September 1996 Issue

He is a Mascot!

Crash Bandicoot Profile-
For an entire year now, gamers have affiliated the Sony PlayStation identity with either a logo or the unit itself. A failed marketing run of trying to introduce a spiky haired polygon character as a PlayStation mascot left the gaming industry crying for a familiar face to paste onto the PS-X. As history has shown, hardware units without a mascot are pretty much condemned to immediate decay. The Atari Jaguar, the Phillips CD-I, and the Amiga 32 have all had their heads on the chopping block for quite some time. Thanks to Naughty Dog and Universal Interactive Studios, Sony has no intention of going there. The Sony PlayStation has finally been baptized into the world of mascot gaming. This furry little fellow comes from the Peramelidae family found in Australia, Tasmania, and New Guinea. Don't worry, he's not a killer. He's a bandicoot (a vegetarian marsupial). Like any decent humans, Sony and affiliates have given their special little pet a name. He goes by Crash Bandicoot, and he's ready to blow the doors off of PS-X gaming as we know it. Crash has all the right features for a gaming mascot. While he's not as fat as a plumber or as blue as a hedgehog, Crash features one thing that the other mascots don't have Ð raw attitude. Being born and raised in a jungle can scar your personality a tad. This is apparent both in Crash and in his first action/platform game.

Developers Naughty Dog and Univeral Interactive Studios originally intended to make Crash Bandicoot a completely revolutionary 3D adventure title. While development moved on day after day, Naughty Dog decided that they preferred basic platforming instead of 3D arena adventure. They made the right move. Super Mario 64 turned out to be what Naughty Dog originally desired, and Crash Bandicoot became a revolutionary action/platform title that opened the 32-bit action book to a new chapter Ð side scrolling and tunnel 3D.

Take Donkey Kong Country's graphics and multiply it by ten, then add a Doomesque 3D quality to the fray. Crash Bandicoot features two styles of gameplay Ð 3D action/platform and 3D third person. The action/platform levels themselves involve a significant amount of 3D movement. While accomplishing the task of moving from one direction to the next, Crash will also have the chance to jump into the background. The 3D third-person levels basically place Crash on a straight track. The objective is to run forward, dodge obstacles, destroy enemies and find the exit. Sometimes though, Crash will have to take different routes and actually backtrack towards the gamer.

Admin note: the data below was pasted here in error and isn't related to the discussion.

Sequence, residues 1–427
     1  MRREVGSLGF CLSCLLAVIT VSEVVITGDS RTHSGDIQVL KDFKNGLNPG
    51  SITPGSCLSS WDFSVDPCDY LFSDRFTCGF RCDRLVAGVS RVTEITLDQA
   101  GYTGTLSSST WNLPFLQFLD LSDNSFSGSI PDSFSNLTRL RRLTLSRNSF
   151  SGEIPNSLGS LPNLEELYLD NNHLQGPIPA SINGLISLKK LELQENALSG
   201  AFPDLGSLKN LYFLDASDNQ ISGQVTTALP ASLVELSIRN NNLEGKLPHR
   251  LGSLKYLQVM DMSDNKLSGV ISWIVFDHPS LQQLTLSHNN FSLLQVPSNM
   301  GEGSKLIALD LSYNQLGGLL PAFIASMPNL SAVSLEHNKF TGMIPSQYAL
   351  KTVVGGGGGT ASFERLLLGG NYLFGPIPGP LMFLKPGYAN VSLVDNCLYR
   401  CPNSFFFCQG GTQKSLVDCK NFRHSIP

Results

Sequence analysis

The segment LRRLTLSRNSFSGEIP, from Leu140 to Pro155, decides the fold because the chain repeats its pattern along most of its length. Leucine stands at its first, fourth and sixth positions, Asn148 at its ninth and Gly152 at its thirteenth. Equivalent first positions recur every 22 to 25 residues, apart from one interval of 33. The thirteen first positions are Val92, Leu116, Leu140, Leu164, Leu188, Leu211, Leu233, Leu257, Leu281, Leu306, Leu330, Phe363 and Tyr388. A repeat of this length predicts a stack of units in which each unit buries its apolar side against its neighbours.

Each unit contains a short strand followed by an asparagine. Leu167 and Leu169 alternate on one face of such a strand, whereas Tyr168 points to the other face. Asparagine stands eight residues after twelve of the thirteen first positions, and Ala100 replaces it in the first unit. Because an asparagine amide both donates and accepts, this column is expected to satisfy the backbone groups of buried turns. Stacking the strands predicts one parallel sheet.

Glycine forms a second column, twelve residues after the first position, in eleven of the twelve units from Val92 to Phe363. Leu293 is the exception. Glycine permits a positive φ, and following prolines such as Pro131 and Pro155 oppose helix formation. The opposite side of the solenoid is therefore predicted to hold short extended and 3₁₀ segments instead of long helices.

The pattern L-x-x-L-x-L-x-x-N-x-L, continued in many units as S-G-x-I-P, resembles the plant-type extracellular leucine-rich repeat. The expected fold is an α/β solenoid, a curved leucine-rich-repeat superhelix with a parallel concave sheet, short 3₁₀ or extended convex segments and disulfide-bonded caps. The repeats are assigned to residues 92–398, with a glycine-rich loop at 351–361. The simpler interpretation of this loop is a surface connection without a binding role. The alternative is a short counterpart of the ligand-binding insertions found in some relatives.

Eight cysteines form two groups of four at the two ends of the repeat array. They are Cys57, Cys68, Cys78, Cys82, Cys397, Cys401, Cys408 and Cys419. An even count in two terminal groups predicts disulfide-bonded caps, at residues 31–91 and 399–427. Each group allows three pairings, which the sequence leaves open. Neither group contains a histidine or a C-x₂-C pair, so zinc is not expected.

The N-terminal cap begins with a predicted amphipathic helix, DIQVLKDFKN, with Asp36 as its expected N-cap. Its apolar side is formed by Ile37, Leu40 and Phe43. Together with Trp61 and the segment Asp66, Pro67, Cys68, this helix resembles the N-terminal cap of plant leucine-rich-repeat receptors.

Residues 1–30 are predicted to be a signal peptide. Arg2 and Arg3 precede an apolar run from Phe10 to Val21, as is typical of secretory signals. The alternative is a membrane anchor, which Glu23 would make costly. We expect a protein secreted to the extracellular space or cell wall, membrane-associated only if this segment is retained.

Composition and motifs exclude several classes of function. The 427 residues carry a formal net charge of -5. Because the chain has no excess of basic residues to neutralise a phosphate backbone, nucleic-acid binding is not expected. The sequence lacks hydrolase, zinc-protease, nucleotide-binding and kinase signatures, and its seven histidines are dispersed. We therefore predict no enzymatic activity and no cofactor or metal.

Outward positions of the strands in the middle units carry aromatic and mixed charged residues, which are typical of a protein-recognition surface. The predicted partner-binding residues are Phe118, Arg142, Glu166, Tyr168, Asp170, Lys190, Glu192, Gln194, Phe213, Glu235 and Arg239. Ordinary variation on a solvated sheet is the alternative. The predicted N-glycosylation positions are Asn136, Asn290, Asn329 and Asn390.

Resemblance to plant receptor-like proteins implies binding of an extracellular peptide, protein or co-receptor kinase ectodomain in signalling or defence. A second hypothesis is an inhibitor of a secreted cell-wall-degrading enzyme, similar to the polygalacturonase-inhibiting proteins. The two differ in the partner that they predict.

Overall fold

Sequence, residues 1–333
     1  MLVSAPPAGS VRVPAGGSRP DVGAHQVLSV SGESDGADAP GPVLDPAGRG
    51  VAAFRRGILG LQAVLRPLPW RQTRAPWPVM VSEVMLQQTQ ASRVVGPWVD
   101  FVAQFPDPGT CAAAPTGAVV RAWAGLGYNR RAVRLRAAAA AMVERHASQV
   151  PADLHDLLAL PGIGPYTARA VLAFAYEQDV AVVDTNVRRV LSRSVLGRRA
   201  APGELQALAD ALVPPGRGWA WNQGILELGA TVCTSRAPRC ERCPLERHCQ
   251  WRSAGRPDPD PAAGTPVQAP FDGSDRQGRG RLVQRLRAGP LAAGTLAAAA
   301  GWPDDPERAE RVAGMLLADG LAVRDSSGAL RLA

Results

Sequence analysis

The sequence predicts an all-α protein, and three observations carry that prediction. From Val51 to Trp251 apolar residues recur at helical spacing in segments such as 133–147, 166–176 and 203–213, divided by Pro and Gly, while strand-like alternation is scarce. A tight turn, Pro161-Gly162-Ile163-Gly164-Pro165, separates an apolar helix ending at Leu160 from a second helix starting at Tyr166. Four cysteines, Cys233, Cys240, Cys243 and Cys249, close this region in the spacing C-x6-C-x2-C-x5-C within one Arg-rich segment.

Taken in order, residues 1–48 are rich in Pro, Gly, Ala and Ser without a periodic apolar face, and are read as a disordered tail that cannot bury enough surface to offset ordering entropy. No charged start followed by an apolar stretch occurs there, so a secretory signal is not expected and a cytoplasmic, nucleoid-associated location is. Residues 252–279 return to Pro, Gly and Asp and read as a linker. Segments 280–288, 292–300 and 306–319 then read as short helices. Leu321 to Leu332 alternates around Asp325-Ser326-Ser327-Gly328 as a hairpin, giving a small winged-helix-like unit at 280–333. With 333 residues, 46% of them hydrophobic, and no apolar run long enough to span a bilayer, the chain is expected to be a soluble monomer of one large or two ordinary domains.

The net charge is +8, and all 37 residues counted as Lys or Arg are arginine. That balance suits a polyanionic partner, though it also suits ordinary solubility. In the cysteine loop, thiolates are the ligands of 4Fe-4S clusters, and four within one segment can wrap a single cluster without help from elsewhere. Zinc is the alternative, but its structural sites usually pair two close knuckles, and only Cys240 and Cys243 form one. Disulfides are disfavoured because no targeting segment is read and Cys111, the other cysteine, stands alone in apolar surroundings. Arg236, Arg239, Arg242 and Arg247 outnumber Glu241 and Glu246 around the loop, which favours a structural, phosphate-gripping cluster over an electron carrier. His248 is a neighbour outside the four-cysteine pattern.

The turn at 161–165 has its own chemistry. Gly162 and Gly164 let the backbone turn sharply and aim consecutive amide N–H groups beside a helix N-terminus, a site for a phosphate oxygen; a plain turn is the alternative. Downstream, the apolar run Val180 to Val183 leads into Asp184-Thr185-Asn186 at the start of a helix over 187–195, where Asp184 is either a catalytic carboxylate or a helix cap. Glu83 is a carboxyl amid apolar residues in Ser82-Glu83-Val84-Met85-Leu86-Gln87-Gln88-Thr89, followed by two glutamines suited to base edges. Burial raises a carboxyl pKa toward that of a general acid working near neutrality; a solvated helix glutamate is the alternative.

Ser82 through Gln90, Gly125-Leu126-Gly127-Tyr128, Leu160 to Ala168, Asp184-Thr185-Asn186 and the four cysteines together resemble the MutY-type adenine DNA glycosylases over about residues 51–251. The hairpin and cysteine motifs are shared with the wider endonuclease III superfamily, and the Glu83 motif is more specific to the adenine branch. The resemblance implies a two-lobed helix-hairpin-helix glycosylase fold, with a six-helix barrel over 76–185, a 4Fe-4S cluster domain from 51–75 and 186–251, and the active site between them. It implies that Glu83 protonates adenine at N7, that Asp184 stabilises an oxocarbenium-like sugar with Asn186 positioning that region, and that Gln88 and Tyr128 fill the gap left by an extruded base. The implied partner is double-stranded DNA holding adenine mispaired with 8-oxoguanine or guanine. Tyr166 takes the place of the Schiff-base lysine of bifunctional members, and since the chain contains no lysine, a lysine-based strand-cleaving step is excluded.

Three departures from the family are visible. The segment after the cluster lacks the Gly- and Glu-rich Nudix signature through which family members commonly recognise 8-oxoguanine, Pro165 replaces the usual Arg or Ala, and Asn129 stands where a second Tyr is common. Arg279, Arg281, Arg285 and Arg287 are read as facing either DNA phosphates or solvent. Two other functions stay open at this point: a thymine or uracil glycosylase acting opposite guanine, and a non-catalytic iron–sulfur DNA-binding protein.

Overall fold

All the action is based on Crash's two moves Ð jumping and spinning. Most of the levels demand the gamer to solve puzzles, take risky jumps, and find new areas. Several bosses also await Crash Bandicoot. Each boss acts differently and Crash will have to figure out how to take each one down. Each of the twenty-six levels present a unique challenge in themselves that will drive gamers bonkers.

Crash Bandicoot is here, and there's no stopping him from taking over the minds of children and hard-core gamers everywhere. Don't be surprised if a sequel, action figures, comics, and a cartoon series are in the works. This is the guy Sony is betting on to sell units. Crash has a large reputation to live up to.

Reiner, The Raging Gamer
"For starters I wouldn't have called a character supporting a CD-ROM unit 'Crash'. Maybe Loading or Laser Boy would have been more appropriate. Nonetheless, this game is right up my alley, pure action/platform mayhem. The further you proceed the tougher it gets. This title will attract old school gamers along with the new generation of astro kids. The graphics are very comparable to the N64. The 3D realism is balanced perfectly with the gameplay. I actually felt like I was jumping along lily pads up a jungle river. This is a game that all action/platform gamers must experience. It's not completely original, but the overall feeling after playing is truly unique."

Jon, The Greedy Gamer
"For a game that has only three islands, Crash is complex enough (and frustrating enough) to present a serious, serious challenge. Instead of creating more islands, I like the idea of backtracking through previous levels after obtaining gems. However, this is where the frustration sets in. It's hard enough going forward, let alone backward. The graphics are intense, especially the light shading. However, don't be fooled by the all the 3D hype. Crash is most definitely a 2D action/platform with only minor inklings of the 3D experience."

Andy, The Game Hombre
"Crash is a 3D tribute to the classic action/platformer. It takes simplistic jumps and enemies to create a hair-raising, seat-of-your-pants adventure. Graphically, this is definitely the most impressive game on the PlayStation. It's like watching a cartoon. Tons of details with lots of colors. The only drawback to Crash is that it's not quite as long as it could be, but it really doesn't make a difference in the end. Crash is an excellent game that will push your platform skills to the limit."

The Bottom Line: 9
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